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2-Way Wagon Great For Winter Use
“I built this bi-directional wagon to make it easier for my son Robert to load round bales for his milk goats, especially during the winter,” says Ray Camden, St. Patrice-de-Beaurivage, Quebec. “It’s equipped with a steering axle and extendable hitch at both ends, allowing him to move the trailer back and forth without having to move a lot of snow to turn around.”
  The wagon is designed to handle 3 plastic-wrapped round bales that rest on a series of 2 by 3-in. steel cross pieces.
  He used the twin-beam steering axles off a pair of 1980’s Ford 1/2-ton pickups to make the wagon’s steering axles, keeping the hubs and a short section of each axle. He cut off both ends of the axle inside the steering knuckle and welded them onto short lengths of heavy-walled 2 by 3 tubing.
  The wagon’s main support beam was made using two 10-ft. long well pipes with different diameters, so one can slip inside the other. A 6-in. dia. pipe on front slides into a 6 1/2-in. dia. pipe on back. Camden welded several 3/16-in. thick metal straps around the outside of the interior pipe to take up the slack between the two pipes, and he also installed grease zerks on the outside pipe.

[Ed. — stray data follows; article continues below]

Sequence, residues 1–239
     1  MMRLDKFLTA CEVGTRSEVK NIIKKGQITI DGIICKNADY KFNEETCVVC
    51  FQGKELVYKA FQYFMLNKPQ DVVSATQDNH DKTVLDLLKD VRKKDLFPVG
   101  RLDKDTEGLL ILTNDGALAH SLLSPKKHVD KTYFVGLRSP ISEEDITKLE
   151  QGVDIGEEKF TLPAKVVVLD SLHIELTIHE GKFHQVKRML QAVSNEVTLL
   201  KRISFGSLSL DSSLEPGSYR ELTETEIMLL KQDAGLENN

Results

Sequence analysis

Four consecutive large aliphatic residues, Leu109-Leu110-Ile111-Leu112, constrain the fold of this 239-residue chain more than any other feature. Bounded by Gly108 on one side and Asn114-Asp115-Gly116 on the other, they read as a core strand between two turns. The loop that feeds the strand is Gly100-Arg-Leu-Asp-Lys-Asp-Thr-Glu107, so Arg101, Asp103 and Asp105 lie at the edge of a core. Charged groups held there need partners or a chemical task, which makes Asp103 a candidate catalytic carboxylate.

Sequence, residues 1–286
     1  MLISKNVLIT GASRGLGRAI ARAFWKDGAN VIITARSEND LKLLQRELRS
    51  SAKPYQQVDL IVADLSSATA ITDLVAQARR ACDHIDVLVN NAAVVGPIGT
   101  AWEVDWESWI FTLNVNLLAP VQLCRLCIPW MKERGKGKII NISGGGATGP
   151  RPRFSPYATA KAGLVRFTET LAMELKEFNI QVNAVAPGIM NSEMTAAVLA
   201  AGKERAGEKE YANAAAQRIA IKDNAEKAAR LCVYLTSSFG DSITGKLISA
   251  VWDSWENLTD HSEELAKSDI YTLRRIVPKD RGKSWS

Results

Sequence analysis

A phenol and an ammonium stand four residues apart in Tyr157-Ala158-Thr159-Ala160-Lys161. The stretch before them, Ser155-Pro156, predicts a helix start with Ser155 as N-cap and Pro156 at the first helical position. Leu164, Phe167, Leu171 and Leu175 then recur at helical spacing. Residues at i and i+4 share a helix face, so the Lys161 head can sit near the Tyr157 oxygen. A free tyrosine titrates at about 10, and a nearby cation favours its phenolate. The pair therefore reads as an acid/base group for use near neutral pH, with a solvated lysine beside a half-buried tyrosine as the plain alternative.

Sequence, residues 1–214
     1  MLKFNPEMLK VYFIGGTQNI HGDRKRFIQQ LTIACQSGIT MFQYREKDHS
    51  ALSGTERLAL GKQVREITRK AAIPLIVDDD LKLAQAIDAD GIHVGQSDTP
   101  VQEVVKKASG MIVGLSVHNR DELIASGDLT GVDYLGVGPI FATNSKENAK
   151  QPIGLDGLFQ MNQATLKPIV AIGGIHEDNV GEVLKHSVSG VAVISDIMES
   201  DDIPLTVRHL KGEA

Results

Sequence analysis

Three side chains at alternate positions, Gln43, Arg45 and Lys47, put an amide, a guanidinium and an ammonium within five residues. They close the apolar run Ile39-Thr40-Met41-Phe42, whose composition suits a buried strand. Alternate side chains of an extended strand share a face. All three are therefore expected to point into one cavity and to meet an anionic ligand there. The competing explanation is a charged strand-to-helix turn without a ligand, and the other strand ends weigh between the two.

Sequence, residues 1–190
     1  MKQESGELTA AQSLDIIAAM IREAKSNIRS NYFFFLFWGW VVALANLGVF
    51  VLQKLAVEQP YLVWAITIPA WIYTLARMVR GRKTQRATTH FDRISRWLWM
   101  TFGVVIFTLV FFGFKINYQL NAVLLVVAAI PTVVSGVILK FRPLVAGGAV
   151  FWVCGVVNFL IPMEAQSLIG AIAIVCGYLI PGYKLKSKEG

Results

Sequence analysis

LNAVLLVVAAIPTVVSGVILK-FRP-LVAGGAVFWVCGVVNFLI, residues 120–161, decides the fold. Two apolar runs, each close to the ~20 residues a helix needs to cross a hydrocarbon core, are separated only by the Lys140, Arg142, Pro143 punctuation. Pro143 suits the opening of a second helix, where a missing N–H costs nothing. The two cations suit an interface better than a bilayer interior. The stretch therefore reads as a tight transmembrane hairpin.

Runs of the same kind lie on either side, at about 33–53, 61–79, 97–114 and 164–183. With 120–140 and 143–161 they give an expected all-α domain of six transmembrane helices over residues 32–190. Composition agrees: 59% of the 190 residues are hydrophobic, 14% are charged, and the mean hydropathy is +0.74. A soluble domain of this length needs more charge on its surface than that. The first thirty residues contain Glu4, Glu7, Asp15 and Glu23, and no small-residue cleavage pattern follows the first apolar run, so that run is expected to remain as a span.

“The design allows the front and back end of the wagon to swivel freely when traveling over uneven ground,” says Camden.
  Each extendable hitch consists of a 1 1/4 by 2 1/2-in. length of box tubing that slides into some 2 by 3 tubing that’s fastened to the center of the axle.
  “The extendable hitch makes it easy to hook up the tractor to the wagon,” says Camden. “I just lift a spring-loaded pin and grab onto an L-shaped handle to pull the hitch out, then after I move the tractor the pin automatically resets itself into the next closest hole.”
  “We get a lot of snow here during the winter and store the bales in a field. If we loaded the bales onto a conventional wagon we’d have to plow a lot of snow to turn the wagon around. Now we just bring the wagon in and unhook it, then use the tractor to load bales. Then we hook up to the opposite end of the wagon and drive out.”
  Contact: FARM SHOW Followup, Ray Camden, 161 St. David’s Range, St. Patrice-de-Beaurivage, Quebec, Canada G0S 1B0 (ph 418 596-2029).

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2014 - Volume #38, Issue #1